A Multi-Center, Multi-Vendor Study to Evaluate the Generalizability of a Radiomics Model for Classifying Prostate cancer: High Grade vs. Low Grade

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Radiomics applied in MRI has shown promising results in classifying prostate cancer lesions. However, many papers describe single-center studies without external validation. The issues of using radiomics models on unseen data have not yet been sufficiently addressed. The aim of this study is to evaluate the generalizability of radiomics models for prostate cancer classification and to compare the performance of these models to the performance of radiologists. Multiparametric MRI, photographs and histology of radical prostatectomy specimens, and pathology reports of 107 patients were obtained from three healthcare centers in the Netherlands. By spatially correlating the MRI with histology, 204 lesions were identified. For each lesion, radiomics features were extracted from the MRI data. Radiomics models for discriminating high-grade (Gleason score ≥ 7) versus low-grade lesions were automatically generated using open-source machine learning software. The performance was tested both in a single-center setting through cross-validation and in a multi-center setting using the two unseen datasets as external validation. For comparison with clinical practice, a multi-center classifier was tested and compared with the Prostate Imaging Reporting and Data System version 2 (PIRADS v2) scoring performed by two expert radiologists. The three single-center models obtained a mean AUC of 0.75, which decreased to 0.54 when the model was applied to the external data, the radiologists obtained a mean AUC of 0.46. In the multi-center setting, the radiomics model obtained a mean AUC of 0.75 while the radiologists obtained a mean AUC of 0.47 on the same subset. While radiomics models have a decent performance when tested on data from the same center(s), they may show a significant drop in performance when applied to external data. On a multi-center dataset our radiomics model outperformed the radiologists, and thus, may represent a more accurate alternative for malignancy prediction.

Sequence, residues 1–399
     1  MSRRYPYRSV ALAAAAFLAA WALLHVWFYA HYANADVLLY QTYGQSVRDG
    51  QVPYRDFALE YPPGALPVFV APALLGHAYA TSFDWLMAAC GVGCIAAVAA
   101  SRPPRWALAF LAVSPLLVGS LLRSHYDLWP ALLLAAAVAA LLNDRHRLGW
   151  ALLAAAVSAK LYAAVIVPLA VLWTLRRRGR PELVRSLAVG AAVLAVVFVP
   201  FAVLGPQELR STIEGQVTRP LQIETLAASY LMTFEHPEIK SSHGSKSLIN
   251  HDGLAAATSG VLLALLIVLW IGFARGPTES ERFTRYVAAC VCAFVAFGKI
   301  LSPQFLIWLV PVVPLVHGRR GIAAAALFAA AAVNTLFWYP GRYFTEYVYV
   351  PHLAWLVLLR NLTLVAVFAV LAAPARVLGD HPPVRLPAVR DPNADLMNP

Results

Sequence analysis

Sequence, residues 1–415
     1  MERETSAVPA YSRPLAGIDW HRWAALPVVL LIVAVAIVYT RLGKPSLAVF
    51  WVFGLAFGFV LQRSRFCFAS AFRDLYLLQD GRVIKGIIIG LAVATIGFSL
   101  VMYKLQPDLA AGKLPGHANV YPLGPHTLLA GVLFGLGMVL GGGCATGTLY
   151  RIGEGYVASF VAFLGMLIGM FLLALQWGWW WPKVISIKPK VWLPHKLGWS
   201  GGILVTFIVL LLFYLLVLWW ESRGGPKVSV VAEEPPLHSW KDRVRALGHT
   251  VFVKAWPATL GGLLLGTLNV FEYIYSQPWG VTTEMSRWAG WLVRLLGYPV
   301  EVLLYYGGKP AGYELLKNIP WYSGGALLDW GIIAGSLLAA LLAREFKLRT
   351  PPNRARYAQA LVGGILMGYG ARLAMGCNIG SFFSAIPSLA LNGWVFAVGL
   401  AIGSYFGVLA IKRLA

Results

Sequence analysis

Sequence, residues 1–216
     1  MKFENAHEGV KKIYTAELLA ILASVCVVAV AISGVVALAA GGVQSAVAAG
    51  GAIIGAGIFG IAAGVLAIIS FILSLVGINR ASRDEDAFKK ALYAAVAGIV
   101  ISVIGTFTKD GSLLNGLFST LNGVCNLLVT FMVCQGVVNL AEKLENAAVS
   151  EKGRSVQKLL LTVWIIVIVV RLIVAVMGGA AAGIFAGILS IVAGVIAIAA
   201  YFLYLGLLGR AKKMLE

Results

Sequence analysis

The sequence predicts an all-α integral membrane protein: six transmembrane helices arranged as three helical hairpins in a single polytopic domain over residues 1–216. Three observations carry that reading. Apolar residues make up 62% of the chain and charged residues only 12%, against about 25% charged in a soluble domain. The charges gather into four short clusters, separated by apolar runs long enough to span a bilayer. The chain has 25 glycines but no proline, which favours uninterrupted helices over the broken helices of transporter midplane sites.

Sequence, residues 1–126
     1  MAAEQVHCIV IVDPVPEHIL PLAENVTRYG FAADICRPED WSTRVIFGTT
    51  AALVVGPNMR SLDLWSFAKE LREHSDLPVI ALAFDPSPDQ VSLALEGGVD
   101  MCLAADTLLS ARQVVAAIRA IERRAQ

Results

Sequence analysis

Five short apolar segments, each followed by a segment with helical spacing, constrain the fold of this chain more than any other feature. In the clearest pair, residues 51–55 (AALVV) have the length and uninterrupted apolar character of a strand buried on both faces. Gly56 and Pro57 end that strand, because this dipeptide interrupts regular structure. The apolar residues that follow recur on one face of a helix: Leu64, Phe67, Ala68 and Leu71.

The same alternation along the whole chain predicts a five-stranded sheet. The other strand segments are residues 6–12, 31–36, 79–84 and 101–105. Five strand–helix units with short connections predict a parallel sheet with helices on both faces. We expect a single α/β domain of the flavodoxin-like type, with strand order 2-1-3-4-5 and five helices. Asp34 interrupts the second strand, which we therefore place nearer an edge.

Original languageEnglish
Article number369
Issue number2
Publication statusPublished - Feb 2021

Bibliographical note

Funding Information:
Funding: This work is part of the research program strategy with project numbers 14929, 14930, and 14932, which is (partly) financed by the Netherlands organization for scientific research (NWO).

Publisher Copyright:
© 2021 by the authors. Licensee MDPI, Basel, Switzerland.


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